St. Marys Journal Argus
“We can do better!” said Perth South mayoral candidate Roger Fuhr, a former councillor who tried unsuccessfully to move to the mayor’s chair in 2010, losing out to former Council colleague Bob Wilhelm. The two men are once again facing each other this time around on the Perth South ballot, and will face off in an all-candidates meeting set to begin at 7 p.m. tonight (Wednesday, Oct. 15) at South Perth Centennial school north of Rannoch.
“To suggest that the last four dysfunctional years in the political world of Perth South would be best forgotten, is an understatement,” Fuhr told the Journal Argus. On the more serious side, he cited “broken rules of just about every variety, to OPP investigations, to harassment,” and even “kangaroo courts.” He charged that Wilhelm “appeared to be running his private boardroom.”
Wilhelm counters that Fuhr’s perspective on how things have unfolded over the past four years is not in keeping with how most people in Perth South feel.
“I’m hearing very positive things,” the incumbent Mayor — and 2014 Warden of Perth County — told the Journal Argus.
“And I think that’s mainly because our township is in a good position.” Wilhelm cites an almost non-existent long-term debt, reserve funds of almost $5 million, and a record of spending close to $1 million per year over the past four years on infrastructure.
Even when it comes to the loss, in recent times, of infrastructure grant programs from upper levels of government, Wilhelm feels Perth South is well-positioned due to an ongoing agreement with the City of Stratford over land that was annexed for that municipality’s RBC Centre.
“Last year, (the Perth South share of revenue from that project, under the annexation agreement) more than offset the amount that was reduced from our Ontario Municipal Partnership (infrastructure) Fund.”
But it wasn’t only high-profile signs of dysfunction that Fuhr feels were evident. Even from “just plain ordinary bickering,” he believes, “it was clear there was a rather large leadership void . . . (Wilhelm) never got a handle on the kind of leadership that is needed around a Council table.”
Fuhr said that, as Mayor, “one of my first priorities will be to set a new tone around the table — a positive one . . . that promotes inclusiveness, discussion and patience.”
“There will be no doubt in the minds of the newly elected councillors, that I am there to work with them, allow them to express themselves, hear their positions, and turn the page to a fresh new positive term of Council,” the St. Pauls resident added.
Raised on a local dairy farm, Fuhr eventually became a tradesman running his own business.
“I learned how to work hard and what the true value of a dollar is,” he said. During the four years between sitting as a councillor and the upcoming election, he stresses he has stayed up to date on the township’s affairs by attending over 90 per cent of Council meetings.
Experience in operating a business, of course, isn’t something about which only Fuhr can boast. His opponent is the long-time operator of Ulch Transport in St. Marys, and can draw on those skills as he seeks a second term as Mayor to follow up on previous experience as a councillor.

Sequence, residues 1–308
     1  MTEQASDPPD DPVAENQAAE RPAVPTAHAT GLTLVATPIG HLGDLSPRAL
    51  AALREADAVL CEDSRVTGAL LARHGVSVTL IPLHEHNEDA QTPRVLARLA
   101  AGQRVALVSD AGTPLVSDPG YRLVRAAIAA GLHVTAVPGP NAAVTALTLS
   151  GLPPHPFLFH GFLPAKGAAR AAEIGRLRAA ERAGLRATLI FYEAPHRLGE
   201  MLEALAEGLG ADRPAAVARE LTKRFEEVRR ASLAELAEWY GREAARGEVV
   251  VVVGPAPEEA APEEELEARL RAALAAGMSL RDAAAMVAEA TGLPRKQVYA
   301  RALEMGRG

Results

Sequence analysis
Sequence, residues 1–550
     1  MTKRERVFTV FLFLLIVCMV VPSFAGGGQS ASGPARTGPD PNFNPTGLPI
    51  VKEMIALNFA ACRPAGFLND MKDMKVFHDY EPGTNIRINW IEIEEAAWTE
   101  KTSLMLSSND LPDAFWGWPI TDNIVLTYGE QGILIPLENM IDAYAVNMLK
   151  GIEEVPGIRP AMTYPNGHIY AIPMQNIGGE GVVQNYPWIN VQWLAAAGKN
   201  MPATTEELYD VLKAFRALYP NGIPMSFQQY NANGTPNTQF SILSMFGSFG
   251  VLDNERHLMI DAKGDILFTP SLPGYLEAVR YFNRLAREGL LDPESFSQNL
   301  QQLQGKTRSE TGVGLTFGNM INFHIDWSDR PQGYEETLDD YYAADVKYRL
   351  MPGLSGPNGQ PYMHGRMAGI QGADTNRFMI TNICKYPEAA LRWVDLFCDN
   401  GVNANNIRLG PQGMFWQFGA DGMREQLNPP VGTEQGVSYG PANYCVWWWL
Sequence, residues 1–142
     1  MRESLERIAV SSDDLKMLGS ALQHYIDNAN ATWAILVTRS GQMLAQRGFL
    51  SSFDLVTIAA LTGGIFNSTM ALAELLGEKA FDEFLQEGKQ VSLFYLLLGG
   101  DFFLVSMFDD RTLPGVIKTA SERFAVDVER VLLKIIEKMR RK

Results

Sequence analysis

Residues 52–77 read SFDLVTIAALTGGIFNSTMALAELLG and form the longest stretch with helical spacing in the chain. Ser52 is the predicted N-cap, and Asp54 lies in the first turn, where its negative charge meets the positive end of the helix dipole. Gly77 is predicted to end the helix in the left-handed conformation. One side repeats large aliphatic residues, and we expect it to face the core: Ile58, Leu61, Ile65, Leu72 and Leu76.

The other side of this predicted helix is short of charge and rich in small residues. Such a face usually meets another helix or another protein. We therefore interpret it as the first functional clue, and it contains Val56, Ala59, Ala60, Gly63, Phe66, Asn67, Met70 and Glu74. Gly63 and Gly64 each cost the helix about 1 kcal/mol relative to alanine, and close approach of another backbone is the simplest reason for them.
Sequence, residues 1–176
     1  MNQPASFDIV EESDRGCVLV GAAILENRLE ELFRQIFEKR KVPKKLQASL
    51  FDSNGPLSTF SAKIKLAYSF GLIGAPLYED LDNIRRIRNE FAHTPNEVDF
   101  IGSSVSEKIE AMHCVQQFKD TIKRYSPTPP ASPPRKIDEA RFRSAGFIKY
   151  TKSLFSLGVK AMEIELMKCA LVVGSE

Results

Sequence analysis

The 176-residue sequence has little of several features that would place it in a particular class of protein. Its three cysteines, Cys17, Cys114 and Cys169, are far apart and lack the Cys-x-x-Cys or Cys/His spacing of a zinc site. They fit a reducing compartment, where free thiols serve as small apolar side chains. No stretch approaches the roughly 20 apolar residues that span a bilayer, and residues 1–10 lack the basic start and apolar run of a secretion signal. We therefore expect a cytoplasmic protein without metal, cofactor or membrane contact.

Wilhelm says his priorities for the next four years will include “working closely with staff to ensure that tax dollars are spent wisely,” and moving forward on efforts to develop industrial land on the south end of St. Marys.
“The challenge is basically convincing everyone involved that we’ve got to invest the money now in order to get the return on the investment, maybe two or three or four years down the road,” he said.
Wilhelm adds that, at the County level, a review is currently underway of Perth’s Official Plan, and that will represent an opportunity to revisit the issue of surplus farmhouse severances. This was something Perth South argued for, unsuccessfully, in the past, but the incumbent mayor is hopeful that will change this time around.
He stressed this doesn’t mean he wants to force landowners to sever unused homes from newly-purchased land, but rather that it be among the options open to farmers in their business dealings.
For the township, meanwhile, it could be a crucial step towards turning around the trend of decreasing rural population, Wilhelm said.
That decrease in population is equally troubling for Fuhr. Statistics he has seen indicate Perth South currently has the sixth fastest-declining population in Ontario out of over 440 municipalities.
“Priority number one” if he’s elected, he said, “is addressing our quickly declining population, a situation that has been ignored for far too long.”
Other priorities will be “planning matters and red tape,” as well as “decreasing our reserves levels, which have grown far too large for what is necessary.” He would like to see Council “pay close attention to procurement policies, possibly restructuring senior staff, and ensuring that our roads and bridges are well maintained.”
As for Perth South’s dealings with Perth County Council, Fuhr takes a decidedly different tack than his incumbent opponent. In contrast to Wilhelm’s comments that he’d like to “continue to develop the working relationship we already have at the County level,” Fuhr says he wants to make a bit of noise at County Council.
He says taking a strong voice to Perth County Council is something he definitely wants to accomplish, in order to scale down the projected lower-tier increases in what he believes is a budget that is “out of control.”
Other key matters to tackle early in the next term of Council, Fuhr says, include the Trafalgar and Avonfoot Bridges, as well as the proposed Transvaal gravel pit. “I do not believe the gravel pit should receive Council support as I see no benefits for the Township and great risks to the environment,” he said.